Immobilization of relic anthropogenic dissolved organic matter from alpine rivers in the Himalayan-Tibetan Plateau in winter

Meilian Chen*, Chaoliu Li, Chen Zeng, Fan Zhang, Peter A. Raymond, Jin Hur

*Corresponding author for this work

Research output: Contribution to journalArticlepeer-review

17 Scopus citations


The Tibetan Plateau is a critical ecosystem that sensitively responds to ongoing glacier shrinkage and permafrost thaw. Dissolved organic matter (DOM) in Tibetan Alpine rivers plays pivotal roles in the biogeochemical cycling of elements and nutrients at regional and even global scales, impacting water quality, downstream environments, and climate. However, little is known about the characteristics and dynamics of DOM in these watersheds. We investigated five major Himalayan rivers in the southern Tibetan Plateau, utilizing bulk dissolved organic carbon (DOC), optical properties, and molecular formulas. We found extremely low DOC and fluorescent DOM (FDOM) levels in the rivers (average DOC: 0.25–0.87 mg L−1, FDOM: 0.02–0.05 RU) with a highly degraded molecular signature, which was enriched with heteroatomic molecular formulas (S-containing: 58–72%, N-containing: 61–86%) and condensed aromatics (31–39% vs. ∼11% in world major rivers). Further, 81–99% of the condensed aromatics was identified as dissolved black nitrogen (DBN) with multiple nitrogen atoms, typical for grassy biomass combustion. The findings highlighted potentially fast DOM remineralization leading to the release of CO2 and enriched apparently anthropogenic condensed aromatics and heteroatomic formulas in what have been considered pristine Tibetan rivers. These findings should be considered in future biogeochemical models and ecosystem management.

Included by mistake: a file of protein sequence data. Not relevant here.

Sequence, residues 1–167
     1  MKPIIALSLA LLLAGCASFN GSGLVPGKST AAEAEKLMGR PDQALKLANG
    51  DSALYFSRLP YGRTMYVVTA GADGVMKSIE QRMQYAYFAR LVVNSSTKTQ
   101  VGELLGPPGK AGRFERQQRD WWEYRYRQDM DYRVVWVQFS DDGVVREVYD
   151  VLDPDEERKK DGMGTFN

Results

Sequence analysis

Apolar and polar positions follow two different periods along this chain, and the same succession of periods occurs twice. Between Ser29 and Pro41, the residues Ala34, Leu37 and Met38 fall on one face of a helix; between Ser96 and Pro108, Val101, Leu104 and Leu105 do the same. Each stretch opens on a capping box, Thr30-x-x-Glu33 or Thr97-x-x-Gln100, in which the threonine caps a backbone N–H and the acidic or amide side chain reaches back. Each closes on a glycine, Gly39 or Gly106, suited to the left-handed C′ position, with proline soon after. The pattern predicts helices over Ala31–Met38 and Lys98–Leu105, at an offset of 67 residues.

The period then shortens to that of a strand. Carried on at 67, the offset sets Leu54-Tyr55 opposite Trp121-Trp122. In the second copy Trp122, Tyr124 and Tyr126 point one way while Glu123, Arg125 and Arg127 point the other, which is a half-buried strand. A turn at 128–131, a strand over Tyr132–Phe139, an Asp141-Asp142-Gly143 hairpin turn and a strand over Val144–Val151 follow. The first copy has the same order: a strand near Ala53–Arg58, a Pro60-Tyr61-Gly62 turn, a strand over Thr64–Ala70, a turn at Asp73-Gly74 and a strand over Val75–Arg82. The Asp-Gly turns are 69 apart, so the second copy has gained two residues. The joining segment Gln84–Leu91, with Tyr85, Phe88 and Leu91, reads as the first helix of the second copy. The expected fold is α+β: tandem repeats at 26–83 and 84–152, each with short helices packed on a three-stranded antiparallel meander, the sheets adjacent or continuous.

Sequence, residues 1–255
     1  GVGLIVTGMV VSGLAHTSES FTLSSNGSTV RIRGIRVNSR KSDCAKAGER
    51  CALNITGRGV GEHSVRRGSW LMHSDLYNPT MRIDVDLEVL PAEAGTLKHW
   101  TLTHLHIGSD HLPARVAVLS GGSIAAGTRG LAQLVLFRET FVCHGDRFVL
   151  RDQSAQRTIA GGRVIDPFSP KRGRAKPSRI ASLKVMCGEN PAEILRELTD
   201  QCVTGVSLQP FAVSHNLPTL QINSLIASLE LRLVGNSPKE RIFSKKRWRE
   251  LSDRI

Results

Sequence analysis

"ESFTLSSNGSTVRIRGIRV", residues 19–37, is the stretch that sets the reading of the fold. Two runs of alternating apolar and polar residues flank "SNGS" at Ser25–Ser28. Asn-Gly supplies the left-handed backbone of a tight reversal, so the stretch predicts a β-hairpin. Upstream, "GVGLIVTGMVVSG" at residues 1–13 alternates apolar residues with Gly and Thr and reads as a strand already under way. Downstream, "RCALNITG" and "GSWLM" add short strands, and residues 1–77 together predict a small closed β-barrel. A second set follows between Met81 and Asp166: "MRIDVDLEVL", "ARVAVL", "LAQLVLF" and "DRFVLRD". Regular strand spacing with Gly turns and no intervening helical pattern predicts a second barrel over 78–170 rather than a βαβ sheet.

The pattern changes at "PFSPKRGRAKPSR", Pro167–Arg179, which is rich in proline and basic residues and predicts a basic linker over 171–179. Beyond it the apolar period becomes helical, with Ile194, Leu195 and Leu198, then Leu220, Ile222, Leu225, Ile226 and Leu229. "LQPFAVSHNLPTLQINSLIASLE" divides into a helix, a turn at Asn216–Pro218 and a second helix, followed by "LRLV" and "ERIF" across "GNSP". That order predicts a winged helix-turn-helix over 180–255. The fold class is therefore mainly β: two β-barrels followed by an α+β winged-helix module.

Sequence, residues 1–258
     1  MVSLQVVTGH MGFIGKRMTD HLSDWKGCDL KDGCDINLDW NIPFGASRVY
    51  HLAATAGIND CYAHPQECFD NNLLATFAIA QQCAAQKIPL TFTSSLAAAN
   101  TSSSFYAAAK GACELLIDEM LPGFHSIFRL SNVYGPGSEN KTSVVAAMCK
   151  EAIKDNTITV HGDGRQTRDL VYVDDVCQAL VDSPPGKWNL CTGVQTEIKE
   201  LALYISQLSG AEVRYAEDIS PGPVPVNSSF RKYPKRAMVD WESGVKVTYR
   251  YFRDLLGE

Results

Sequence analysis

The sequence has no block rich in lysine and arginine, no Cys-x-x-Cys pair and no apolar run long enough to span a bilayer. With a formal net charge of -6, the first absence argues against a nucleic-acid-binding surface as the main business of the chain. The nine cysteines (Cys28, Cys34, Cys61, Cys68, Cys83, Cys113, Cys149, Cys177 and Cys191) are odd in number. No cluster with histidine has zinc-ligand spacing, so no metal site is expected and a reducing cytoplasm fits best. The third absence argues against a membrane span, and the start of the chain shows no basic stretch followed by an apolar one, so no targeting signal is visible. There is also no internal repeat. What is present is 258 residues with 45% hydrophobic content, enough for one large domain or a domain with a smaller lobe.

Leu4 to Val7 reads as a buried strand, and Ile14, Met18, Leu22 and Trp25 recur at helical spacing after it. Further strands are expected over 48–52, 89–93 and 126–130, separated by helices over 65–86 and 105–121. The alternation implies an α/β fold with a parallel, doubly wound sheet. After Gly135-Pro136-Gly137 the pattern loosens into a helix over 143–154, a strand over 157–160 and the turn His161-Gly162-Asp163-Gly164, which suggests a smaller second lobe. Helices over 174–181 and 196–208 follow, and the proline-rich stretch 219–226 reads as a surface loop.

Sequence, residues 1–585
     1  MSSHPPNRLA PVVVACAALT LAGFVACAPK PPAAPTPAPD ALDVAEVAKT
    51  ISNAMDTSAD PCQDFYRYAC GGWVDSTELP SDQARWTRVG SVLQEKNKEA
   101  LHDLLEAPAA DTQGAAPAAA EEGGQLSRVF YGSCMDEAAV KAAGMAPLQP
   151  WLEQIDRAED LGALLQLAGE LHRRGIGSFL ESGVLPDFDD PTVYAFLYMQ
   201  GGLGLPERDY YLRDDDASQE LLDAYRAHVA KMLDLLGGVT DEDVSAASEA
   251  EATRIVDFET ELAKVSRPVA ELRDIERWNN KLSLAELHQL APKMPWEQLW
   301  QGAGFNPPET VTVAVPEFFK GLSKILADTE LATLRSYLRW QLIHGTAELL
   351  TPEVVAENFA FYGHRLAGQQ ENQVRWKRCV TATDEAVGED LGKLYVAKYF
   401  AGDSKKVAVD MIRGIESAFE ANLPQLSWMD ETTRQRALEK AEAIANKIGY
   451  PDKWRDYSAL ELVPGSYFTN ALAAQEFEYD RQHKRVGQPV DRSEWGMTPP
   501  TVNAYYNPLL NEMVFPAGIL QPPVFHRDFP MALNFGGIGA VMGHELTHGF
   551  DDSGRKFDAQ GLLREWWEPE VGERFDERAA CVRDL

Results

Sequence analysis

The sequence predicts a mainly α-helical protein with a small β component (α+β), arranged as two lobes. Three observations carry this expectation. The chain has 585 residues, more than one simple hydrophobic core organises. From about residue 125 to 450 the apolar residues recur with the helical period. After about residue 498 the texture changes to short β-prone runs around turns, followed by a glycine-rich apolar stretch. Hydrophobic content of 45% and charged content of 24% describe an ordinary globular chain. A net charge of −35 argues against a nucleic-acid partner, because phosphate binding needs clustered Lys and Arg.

Original languageEnglish
Pages (from-to)97-106
Number of pages10
JournalWater Research
StatePublished - 1 Sep 2019


  • Alpine rivers
  • Anthropogenic effects
  • Himalayan-Tibetan plateau
  • dissolved organic matter


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